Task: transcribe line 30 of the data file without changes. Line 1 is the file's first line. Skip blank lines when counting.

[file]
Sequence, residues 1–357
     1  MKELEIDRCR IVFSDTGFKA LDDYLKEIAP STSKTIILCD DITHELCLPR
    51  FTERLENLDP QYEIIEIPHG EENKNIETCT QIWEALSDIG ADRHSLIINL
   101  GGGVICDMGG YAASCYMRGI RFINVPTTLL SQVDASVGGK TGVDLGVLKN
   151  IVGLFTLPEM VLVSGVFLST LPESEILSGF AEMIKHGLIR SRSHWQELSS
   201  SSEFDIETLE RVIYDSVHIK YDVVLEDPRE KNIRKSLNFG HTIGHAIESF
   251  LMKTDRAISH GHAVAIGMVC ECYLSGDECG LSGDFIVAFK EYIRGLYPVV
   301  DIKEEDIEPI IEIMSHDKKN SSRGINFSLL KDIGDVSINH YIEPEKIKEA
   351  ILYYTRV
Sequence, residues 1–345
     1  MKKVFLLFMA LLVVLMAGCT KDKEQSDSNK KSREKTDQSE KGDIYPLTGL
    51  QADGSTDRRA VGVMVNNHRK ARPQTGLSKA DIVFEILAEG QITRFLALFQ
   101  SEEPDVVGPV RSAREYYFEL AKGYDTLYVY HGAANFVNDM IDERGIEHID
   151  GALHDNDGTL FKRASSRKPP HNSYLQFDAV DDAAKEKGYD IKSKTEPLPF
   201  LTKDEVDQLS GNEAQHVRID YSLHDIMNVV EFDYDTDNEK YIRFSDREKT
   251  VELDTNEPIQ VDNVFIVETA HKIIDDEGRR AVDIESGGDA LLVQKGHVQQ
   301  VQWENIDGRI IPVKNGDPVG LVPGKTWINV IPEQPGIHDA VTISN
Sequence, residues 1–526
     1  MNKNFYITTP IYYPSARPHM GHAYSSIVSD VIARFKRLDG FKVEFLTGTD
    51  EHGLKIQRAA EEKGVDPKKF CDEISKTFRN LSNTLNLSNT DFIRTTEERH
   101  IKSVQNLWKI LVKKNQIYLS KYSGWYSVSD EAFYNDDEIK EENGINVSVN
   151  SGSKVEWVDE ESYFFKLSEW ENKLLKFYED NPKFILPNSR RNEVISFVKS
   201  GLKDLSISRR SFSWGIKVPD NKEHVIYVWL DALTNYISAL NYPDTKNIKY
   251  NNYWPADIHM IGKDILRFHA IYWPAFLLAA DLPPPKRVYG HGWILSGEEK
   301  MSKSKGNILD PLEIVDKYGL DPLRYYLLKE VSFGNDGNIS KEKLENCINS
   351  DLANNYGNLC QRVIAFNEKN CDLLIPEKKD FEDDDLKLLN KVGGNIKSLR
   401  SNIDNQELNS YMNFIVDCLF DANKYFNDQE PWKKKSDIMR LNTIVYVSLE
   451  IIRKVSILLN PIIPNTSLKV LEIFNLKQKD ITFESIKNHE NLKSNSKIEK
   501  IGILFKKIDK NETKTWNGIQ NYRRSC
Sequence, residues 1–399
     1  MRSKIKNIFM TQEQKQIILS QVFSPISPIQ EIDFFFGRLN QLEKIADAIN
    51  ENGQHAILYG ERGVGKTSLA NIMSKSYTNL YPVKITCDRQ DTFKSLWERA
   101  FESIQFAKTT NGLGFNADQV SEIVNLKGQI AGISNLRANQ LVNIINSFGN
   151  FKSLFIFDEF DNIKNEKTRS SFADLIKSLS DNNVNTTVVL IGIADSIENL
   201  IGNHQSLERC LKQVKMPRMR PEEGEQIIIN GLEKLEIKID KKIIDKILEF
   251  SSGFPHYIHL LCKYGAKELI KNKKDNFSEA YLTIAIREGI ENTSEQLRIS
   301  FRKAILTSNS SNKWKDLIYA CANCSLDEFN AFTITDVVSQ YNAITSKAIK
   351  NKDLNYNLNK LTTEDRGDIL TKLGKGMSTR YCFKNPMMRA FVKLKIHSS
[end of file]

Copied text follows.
Sequence, residues 1–399